He was Shakespeare,
she, greeting cards.
She saw in him,
a man who took himself too seriously,
even as he saw her as a woman
who didn’t take herself seriously enough.
He exposed her to words
that meant something,
even as she exposed him to words
that had once meant something
on their best days &
on their worst days.
He wrote love stories,
she, romance novels.
Each believed the other
to be inferior—
hers in literary merit,
his in marketplace value,
though they both practiced
by doing what they loved.
She was finishing school,
She made rumors people used
for the detriment
of their peers,
whereas he made things people could use
for the benefit of them.
When she decided she wanted
to “go slumming”
by trying someone new,
he told her that he only knew how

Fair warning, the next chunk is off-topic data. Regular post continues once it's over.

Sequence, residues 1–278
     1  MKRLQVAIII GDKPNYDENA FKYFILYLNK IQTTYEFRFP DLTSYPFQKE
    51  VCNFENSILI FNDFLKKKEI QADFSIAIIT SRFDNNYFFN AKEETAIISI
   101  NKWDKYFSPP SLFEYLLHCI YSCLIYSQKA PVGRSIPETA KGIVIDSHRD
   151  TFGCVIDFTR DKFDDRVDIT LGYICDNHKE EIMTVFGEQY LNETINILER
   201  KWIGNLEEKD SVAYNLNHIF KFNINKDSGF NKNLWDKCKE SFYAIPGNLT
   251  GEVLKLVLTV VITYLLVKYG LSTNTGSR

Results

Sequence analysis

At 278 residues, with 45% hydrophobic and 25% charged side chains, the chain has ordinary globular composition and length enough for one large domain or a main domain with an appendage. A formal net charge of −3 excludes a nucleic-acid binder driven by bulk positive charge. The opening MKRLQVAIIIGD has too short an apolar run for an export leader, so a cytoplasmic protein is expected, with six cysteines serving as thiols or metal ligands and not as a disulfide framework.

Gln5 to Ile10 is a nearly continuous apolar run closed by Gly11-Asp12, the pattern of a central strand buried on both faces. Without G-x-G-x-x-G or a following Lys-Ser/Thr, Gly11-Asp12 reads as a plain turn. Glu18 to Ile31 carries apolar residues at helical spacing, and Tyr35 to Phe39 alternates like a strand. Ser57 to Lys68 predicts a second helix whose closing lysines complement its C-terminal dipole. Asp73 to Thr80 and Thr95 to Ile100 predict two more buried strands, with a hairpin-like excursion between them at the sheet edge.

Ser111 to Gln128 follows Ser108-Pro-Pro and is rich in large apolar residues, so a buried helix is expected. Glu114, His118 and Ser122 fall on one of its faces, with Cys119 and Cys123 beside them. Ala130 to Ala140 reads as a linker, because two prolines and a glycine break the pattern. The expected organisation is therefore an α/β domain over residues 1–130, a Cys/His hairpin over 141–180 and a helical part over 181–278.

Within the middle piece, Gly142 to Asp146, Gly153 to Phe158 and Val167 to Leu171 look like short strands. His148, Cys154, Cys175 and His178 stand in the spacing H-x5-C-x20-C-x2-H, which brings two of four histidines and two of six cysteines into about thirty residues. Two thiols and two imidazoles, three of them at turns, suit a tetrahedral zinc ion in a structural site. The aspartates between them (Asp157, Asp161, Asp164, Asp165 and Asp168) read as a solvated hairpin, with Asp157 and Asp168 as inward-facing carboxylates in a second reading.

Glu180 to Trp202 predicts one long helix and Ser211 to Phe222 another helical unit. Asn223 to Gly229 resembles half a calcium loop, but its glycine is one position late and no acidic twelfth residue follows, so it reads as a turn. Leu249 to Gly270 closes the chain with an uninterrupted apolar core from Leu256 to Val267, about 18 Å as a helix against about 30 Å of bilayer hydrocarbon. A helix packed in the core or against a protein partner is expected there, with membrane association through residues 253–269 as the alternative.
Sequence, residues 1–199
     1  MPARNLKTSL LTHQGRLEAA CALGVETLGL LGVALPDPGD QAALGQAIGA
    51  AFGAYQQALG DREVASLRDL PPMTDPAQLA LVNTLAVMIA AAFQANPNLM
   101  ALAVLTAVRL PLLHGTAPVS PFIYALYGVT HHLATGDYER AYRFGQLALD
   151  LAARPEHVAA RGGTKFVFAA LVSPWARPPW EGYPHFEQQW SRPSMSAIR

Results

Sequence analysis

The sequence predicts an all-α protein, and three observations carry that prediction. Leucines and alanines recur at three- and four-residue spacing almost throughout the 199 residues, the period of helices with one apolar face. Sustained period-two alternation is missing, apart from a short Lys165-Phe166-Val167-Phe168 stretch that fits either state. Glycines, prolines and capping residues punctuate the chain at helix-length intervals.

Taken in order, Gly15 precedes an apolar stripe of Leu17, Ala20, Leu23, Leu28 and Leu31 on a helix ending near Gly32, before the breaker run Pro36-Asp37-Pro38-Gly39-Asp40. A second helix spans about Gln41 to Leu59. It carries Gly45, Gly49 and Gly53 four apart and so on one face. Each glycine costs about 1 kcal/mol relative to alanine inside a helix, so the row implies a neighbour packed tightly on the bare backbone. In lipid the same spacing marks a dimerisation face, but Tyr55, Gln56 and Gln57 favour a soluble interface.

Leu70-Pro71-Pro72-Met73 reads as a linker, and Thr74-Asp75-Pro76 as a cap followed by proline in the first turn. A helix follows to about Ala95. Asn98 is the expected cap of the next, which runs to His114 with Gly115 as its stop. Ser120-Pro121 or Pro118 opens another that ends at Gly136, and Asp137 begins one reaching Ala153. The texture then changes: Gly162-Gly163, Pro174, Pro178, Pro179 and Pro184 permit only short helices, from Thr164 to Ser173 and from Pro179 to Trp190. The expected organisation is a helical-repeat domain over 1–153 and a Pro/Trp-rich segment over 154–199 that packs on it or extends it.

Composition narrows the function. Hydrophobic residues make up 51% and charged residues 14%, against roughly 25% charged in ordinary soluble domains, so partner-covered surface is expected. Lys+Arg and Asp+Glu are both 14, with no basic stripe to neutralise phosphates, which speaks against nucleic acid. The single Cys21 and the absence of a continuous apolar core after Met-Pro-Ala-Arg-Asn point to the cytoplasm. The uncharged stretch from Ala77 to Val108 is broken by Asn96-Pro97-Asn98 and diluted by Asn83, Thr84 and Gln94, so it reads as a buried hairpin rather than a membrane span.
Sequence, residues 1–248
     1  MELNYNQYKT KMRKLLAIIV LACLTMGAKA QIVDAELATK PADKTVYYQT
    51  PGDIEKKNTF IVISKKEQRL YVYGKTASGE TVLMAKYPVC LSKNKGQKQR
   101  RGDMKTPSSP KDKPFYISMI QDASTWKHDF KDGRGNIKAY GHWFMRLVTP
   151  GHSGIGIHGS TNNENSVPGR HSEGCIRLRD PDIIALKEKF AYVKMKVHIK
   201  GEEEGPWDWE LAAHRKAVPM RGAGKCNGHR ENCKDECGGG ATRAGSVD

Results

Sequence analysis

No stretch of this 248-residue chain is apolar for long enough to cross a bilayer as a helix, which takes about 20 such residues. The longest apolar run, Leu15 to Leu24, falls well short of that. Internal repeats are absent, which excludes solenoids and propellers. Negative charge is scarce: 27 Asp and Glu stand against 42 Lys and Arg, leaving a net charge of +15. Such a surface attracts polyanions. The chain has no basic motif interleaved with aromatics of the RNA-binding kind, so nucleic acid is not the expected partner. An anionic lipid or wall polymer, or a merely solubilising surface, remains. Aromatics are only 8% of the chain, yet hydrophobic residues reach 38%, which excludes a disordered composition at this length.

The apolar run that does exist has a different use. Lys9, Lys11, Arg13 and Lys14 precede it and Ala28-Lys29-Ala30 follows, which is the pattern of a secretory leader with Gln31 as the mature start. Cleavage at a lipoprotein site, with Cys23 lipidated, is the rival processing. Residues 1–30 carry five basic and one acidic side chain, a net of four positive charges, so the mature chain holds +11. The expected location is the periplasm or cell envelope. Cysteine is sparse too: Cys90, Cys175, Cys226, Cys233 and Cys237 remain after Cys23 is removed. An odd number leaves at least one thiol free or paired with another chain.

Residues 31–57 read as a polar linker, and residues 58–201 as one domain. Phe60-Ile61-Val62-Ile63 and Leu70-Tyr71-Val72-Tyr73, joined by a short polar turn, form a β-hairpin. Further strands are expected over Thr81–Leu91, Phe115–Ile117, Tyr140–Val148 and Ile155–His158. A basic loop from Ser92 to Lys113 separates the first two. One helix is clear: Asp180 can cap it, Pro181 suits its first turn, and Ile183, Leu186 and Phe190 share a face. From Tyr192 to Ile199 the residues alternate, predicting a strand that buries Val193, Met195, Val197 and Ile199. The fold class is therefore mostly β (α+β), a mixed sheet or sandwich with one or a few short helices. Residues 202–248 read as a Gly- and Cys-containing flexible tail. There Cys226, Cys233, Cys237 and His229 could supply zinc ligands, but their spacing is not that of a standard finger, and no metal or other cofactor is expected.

to work with wood,
Pinky Tale Creations
Pinky Tickles penned greetings for anonymous givers—
cards for every anni, quarrel and bicker—
cards for divorces and broken engagements,
for the neutralizing of toxic friendships,
and friends-with-benefits relationships.
There were cards for congrats
on being canned like a tuna,
or sacked like a potato chip;
for being kicked to the curb
by roommates growing herbs.
There were cards for bad bosses,
“You’re welcome” cards and “Sorry…not!”;
for unhappy birthdays and ugly afterthoughts.
There were unsympathy cards for deadbeat dads and
“Don’t Get Well” cards for mommy dearests;
“Happy Lonely Valentine’s” days,
“Santa Hates You” Christmases,
and “Thank You for Climate Change”,
for those who fired up the works on Independence Day.
Pinky was a minus sign in a plus-sized biz suit—
a fractious little number—
but the day she finally got some shag,
her heart bloomed into a redrum rose and
her words became sweet as a lollipop gag.